The article discusses a customized water flow controller circuit with timer.he idea was requested by Mr. Daljeet Singh Sokhey.
Right now I am working on a different project and would like your help. There are 2 inputs and both must remain high for a period of 30 seconds for the one single output to go high (AND switch)
If either one fails, the timer should also stop and reset and then start again when both inputs are high again.This is basically to check for the availability of water flowing thru a pipe.
I am using a solenoid valve to control the switching on and off of the water and a flow switch to confirm that the water is flowing.
This switch AND the solenoid must remain continuously on for 30 seconds to confirm that the water is flowing properly. And if this condition is satisfied it should give a high output that can be used to trigger other operations.
You can name it whatever you like, something like Water Flow Confirmation Circuit or anything.The timer will keep only the solenoid ON.
The flow switch turning ON is dependent on the solenoid allowing the water to flow successfully.
That will result in the voltage going high from the flow switch. and this high voltage from flow switch must be sustained for as long as the solenoid is ON(30 seconds). if during that time period, the voltage from the flow switch drops to LOW, the timer should reset which would switch off the solenoid.
Maybe we can add here another timer circuit which will make it retry after, say, 3 minutes or so (adjustable).
And once the solenoid and the flow switch have remained on for 30 seconds, it should give a high output which can be coupled to a relay to switch on some other circuit.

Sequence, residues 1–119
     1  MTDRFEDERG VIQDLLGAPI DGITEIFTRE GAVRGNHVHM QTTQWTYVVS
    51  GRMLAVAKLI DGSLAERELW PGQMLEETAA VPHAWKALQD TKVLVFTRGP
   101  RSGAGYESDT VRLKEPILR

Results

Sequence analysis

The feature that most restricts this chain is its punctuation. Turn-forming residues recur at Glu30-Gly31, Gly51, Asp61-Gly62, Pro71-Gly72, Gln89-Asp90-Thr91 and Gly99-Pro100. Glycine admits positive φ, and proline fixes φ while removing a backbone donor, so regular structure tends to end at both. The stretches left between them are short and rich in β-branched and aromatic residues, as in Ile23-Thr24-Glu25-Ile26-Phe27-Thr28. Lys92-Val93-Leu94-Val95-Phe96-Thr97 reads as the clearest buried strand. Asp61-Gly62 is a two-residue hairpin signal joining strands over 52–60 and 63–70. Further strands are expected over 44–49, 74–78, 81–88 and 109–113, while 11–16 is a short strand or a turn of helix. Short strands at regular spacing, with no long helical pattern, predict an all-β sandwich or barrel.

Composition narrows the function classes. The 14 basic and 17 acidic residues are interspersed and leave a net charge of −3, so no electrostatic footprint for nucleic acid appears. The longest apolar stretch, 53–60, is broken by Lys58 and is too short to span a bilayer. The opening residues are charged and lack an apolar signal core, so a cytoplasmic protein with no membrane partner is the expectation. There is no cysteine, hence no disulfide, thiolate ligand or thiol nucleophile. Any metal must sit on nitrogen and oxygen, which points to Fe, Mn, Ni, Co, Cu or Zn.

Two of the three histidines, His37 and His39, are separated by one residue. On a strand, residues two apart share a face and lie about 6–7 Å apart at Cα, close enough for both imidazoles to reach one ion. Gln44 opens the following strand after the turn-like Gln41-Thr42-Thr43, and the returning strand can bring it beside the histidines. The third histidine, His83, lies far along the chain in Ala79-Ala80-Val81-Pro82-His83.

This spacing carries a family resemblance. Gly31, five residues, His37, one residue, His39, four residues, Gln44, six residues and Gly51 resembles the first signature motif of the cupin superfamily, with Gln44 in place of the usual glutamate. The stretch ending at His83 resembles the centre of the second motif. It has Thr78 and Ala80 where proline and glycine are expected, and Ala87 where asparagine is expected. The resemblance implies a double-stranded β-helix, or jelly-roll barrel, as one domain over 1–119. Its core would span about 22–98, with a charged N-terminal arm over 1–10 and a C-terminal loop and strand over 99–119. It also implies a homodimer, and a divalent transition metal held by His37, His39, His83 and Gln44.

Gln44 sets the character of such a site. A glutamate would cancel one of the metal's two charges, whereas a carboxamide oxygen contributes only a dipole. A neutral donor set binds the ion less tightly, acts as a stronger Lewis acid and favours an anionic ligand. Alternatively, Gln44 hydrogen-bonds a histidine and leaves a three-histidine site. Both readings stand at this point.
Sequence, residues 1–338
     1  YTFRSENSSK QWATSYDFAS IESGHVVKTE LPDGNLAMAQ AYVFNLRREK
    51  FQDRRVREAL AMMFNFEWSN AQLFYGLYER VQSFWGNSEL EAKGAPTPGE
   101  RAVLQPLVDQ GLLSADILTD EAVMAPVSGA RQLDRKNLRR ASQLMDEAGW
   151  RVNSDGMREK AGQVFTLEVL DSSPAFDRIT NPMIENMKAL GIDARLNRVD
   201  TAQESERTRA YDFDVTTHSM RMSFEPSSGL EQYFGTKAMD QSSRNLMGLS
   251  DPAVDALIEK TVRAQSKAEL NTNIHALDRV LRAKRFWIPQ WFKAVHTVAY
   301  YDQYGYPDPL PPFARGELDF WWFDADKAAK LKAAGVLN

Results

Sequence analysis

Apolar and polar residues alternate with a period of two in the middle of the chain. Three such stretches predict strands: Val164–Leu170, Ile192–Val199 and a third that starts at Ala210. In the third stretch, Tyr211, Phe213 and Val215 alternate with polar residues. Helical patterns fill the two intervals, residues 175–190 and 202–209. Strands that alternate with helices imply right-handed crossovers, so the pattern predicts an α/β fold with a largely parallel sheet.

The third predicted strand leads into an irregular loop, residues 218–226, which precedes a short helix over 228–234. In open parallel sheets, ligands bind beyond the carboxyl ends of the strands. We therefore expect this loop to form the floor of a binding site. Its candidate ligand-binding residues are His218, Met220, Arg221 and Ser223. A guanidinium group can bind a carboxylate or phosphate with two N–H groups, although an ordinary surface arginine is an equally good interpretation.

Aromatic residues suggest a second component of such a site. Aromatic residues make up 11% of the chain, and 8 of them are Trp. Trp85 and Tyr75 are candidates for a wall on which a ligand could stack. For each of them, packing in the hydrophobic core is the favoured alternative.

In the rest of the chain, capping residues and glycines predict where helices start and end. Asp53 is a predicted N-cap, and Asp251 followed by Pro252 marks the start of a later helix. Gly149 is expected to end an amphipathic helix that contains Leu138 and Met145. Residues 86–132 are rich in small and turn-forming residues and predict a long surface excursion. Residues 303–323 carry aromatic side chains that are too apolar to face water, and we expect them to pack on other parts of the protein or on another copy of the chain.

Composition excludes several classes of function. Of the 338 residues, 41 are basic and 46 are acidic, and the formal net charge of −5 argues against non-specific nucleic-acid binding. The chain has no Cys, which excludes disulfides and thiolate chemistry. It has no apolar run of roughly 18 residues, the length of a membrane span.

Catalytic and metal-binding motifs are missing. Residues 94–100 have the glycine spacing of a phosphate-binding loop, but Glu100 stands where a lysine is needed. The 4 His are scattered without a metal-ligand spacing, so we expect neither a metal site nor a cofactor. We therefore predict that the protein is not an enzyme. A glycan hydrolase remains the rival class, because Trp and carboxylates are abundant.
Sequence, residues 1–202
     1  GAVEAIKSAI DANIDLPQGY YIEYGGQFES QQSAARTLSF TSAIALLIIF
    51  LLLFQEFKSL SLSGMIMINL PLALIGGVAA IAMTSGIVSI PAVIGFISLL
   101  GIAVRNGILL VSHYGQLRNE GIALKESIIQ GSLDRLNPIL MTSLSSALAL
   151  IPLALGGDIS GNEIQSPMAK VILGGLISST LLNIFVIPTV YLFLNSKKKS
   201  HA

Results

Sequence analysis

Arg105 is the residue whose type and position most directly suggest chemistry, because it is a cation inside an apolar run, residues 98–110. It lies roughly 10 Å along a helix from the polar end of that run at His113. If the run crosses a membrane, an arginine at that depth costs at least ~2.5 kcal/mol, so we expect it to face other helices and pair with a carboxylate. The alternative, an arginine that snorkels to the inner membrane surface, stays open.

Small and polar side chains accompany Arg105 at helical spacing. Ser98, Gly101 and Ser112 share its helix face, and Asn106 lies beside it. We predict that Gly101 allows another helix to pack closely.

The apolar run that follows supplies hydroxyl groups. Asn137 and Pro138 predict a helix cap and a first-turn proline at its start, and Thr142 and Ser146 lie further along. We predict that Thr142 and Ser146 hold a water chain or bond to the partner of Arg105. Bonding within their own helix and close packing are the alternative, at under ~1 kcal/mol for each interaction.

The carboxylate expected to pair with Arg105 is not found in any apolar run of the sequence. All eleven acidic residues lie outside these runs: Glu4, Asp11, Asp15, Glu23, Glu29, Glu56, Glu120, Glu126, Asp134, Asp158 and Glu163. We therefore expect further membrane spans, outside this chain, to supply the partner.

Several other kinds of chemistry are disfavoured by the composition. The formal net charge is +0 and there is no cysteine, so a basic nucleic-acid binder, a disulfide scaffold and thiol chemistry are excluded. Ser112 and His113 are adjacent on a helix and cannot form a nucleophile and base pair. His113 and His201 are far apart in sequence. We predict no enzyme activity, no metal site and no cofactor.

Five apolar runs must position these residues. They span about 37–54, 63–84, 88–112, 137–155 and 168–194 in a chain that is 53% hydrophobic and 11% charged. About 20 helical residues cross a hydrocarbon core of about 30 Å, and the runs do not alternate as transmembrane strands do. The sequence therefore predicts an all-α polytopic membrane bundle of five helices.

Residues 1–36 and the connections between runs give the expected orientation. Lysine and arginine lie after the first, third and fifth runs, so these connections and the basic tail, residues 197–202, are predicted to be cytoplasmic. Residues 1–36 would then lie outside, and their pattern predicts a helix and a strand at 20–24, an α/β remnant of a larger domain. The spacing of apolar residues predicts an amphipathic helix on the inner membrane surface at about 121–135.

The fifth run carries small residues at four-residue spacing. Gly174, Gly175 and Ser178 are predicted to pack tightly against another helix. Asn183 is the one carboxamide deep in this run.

The solenoid needs to be switched off afer 30 seconds. Solenoid and the switch are both 12 V dc
In the proposed water flow controller circuit, the IC 555 is configured as the 30 second timer through its monostable mode.
When power is switched ON, the 0.1uF capacitor at pin#2 of the IC provides a momentary logic zero to this pin triggering the IC output high, the IC starts counting as soon as this takes place.
The above high delivered at pin#3 of the IC actuates the transistor and the connected solenoid.
The solenoid opens the gate for the water to flow, which is detected by the flow switch and its switch ON too.
The above operations presumably happen too quickly and a relatively simultaneous positive triggers from the two devices reach the bases of the two NPN transistors which are arranged to form a "NAND" gate.
With both the transistors switched ON, we have a zero logic across the collector of the upper transistor, indicating the correct state of the circuit and both the devices functioning correctly.
In the meantime the IC counts for 30 seconds, after which its pin#3 reverts to a low switching OFF both the devices which obviously renders a high across the shown OUT terminal of the circuit providing the intended "30 second lapsed" signal to the following stage in the system.
In case any of the devices malfunction, the respective NAND transistor is deprived of its base trigger triggering a high at the output.
Under the above condition the upper transistor at the extreme left receives a base trigger from the OUT terminal of the circuit and it switches ON, however since the IC 555 is sill counting with its pin#3 high allows the voltage from pin#3 to pass via this transistor to the base of the lower transistor which after a certain delay resets and restarts the 555 IC operations by grounding its pin#2.
The operation then repeats.
The delay can be altered by tweaking the value of the 10uF capacitor.
As per the corrective suggestions the above circuit is modified as shown below, please refer to the comments for the details:
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